The Pompeii of palaeontology. Aaron Hunter, Author provided<h2></h2><p>Although starfish might appear very robust animals, they are typically made up of lots of hard parts attached by ligaments and soft tissue which, upon death, quickly degrade. This means we rely on places like the Fezouata formations to provide snapshots of their evolution.</p><p>The starfish fossil record is patchy, especially at the critical time when many of these animal groups first appeared. Sorting out how each of the various types of ancient starfish relate to each other is like putting a puzzle together when many of the parts are missing.</p><h2>The Oldest Starfish</h2><p><em><a href="https://www.biorxiv.org/content/10.1101/216101v1.full.pdf" target="_blank" rel="noopener noreferrer">Cantabrigiaster</a></em> is the most primitive starfish-like animal to be discovered in the fossil record. It was discovered in 2003, but it has taken over 17 years to work out its true significance.</p><p>What makes <em>Cantabrigiaster</em> unique is that it lacks almost all the characteristics we find in brittle stars and starfish.</p><p>Starfish and brittle stars belong to the family Asterozoa. Their ancestors, the Somasteroids were especially fragile - before <em>Cantabrigiaster</em> we only had a handful of specimens. The celebrated Moroccan paleontologist Mohamed <a href="https://doi.org/10.1016/j.palaeo.2016.06.041" target="_blank" rel="noopener noreferrer">Ben Moula</a> and his local team was instrumental in discovering <a href="https://www.sciencedirect.com/science/article/abs/pii/S0031018216302334?via%3Dihub" target="_blank" rel="noopener noreferrer">these amazing fossils</a> near the town of Zagora, in Morocco.</p><h2>The Breakthrough</h2><p>Our breakthrough moment came when I compared the arms of <em>Cantabrigiaster</em> with those of modern sea lilles, filter feeders with long feathery arms that tend to be attached to the sea floor by a stem or stalk.</p><p>The striking similarity between these modern filter feeders and the ancient starfish led our team from the University of Cambridge and Harvard University to create a new analysis. We applied a biological model to the features of all the current early Asterozoa fossils in existence, along with a sample of their closest relatives.</p>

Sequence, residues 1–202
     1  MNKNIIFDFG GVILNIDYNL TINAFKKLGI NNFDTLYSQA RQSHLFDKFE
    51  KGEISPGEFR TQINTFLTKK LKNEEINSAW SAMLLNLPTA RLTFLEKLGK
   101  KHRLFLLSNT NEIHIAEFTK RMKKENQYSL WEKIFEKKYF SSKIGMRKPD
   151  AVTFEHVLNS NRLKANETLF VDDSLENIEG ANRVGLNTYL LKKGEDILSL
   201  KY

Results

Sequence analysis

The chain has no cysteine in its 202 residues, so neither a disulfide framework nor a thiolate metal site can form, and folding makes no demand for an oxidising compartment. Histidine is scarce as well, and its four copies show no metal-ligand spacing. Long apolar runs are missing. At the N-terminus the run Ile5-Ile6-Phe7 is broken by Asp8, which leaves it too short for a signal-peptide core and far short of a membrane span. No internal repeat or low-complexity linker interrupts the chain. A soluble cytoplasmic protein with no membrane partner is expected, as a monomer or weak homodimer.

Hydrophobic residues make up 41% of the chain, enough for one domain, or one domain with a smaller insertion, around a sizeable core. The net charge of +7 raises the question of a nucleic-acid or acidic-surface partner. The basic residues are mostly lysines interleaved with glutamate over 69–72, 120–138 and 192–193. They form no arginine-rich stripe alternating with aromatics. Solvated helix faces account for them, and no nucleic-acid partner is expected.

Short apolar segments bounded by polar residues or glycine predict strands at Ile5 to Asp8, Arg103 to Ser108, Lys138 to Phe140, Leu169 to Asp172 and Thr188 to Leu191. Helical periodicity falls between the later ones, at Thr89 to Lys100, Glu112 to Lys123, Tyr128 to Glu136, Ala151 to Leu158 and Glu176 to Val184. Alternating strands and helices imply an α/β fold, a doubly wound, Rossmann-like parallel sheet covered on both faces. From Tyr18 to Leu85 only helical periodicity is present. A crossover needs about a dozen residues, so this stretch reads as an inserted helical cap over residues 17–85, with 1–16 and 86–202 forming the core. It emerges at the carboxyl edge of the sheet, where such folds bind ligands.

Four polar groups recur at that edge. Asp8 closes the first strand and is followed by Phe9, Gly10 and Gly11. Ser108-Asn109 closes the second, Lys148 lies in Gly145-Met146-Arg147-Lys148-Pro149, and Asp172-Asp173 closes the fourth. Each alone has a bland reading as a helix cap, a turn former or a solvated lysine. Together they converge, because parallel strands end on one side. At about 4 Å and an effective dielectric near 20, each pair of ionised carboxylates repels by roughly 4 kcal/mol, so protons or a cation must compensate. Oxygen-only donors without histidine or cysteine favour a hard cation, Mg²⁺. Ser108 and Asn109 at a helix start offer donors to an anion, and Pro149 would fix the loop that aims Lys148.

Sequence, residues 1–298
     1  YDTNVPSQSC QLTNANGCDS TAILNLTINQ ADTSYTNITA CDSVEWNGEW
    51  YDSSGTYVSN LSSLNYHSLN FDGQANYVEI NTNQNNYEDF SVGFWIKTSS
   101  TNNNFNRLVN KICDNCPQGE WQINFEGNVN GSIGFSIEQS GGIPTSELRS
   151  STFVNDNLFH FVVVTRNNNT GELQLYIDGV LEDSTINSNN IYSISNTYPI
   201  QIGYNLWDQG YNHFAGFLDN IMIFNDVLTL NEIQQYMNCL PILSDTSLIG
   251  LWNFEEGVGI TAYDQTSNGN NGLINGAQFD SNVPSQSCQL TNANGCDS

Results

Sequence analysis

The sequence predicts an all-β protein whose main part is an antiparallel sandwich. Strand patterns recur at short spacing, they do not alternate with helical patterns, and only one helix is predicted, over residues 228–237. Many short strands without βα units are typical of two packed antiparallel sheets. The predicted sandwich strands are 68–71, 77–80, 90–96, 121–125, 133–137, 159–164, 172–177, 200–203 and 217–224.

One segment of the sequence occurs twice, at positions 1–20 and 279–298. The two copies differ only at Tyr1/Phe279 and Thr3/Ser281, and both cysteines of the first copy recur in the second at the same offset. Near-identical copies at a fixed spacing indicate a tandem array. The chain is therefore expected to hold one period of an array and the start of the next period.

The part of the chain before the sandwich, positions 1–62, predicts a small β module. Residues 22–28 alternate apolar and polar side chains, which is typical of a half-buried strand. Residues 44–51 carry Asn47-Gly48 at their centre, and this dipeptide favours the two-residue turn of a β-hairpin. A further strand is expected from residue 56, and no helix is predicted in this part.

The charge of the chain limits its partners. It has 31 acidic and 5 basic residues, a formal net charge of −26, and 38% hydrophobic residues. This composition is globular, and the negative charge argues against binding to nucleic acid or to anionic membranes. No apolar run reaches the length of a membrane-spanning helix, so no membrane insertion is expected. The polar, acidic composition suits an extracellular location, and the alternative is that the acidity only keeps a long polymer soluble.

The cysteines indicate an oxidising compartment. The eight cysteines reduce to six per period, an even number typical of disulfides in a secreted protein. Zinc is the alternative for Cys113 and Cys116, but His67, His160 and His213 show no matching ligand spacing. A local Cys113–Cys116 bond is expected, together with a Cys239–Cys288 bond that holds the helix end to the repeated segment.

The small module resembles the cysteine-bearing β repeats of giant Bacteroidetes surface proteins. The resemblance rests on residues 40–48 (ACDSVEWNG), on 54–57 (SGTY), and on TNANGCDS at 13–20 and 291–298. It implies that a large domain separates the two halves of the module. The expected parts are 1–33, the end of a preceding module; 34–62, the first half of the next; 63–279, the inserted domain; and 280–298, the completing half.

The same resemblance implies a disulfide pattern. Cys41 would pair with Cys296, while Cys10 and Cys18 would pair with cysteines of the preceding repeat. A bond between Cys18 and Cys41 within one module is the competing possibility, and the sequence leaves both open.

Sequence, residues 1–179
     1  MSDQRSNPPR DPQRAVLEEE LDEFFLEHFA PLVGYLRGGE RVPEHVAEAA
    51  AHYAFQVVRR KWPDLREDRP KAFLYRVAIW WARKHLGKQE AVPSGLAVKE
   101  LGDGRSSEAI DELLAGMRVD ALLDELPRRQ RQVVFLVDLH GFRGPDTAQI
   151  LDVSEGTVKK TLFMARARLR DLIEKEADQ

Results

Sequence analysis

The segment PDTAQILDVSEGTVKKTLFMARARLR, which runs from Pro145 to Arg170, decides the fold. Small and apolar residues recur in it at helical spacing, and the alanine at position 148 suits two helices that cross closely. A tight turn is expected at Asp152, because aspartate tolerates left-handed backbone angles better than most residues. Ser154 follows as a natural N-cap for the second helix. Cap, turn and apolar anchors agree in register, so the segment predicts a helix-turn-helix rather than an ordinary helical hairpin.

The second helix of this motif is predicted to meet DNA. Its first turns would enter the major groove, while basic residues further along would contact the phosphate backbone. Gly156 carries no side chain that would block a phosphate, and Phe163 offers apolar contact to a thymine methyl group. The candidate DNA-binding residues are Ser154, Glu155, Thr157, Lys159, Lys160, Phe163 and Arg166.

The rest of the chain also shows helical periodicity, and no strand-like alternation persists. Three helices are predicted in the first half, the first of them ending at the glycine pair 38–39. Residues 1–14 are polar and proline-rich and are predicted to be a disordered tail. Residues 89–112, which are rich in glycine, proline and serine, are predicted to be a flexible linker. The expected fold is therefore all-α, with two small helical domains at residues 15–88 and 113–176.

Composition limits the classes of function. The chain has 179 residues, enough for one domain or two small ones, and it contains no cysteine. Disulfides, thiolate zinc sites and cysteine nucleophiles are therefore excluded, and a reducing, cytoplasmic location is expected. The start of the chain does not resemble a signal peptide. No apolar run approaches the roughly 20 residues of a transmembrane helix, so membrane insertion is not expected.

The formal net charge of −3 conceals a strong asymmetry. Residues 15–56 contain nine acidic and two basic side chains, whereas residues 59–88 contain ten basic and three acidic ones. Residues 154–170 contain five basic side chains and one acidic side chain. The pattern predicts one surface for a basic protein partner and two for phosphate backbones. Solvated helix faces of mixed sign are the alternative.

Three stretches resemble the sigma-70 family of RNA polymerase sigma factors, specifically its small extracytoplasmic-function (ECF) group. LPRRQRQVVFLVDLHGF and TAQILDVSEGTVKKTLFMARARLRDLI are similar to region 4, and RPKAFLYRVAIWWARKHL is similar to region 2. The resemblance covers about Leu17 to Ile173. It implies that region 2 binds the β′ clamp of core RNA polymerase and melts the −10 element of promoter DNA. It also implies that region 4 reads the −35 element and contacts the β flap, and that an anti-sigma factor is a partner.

Cantabrigiaster is the most primitive starfish-like animal to be discovered in the fossil record. Aaron Hunter, Author provided<p>Our results demonstrate <em>Cantabrigiaster</em> is the most primitive of all the Asterozoa, and most likely evolved from ancient animals called crinoids that lived 250 million years before dinosaurs. The five arms of starfish are a relic left over from these ancestors. In the case of <em>Cantabrigiaster</em>, and its starfish descendants, it evolved by flipping upside-down so its arms are face down on the sediment to feed.</p><p>Although we sampled a relatively small numbers of those ancestors, one of the unexpected outcomes was it provided an idea of how they could be related to each other. Paleontologists studying echinoderms are often lost in detail as all the different groups are so radically different from each other, so it is hard to tell which evolved first.</p>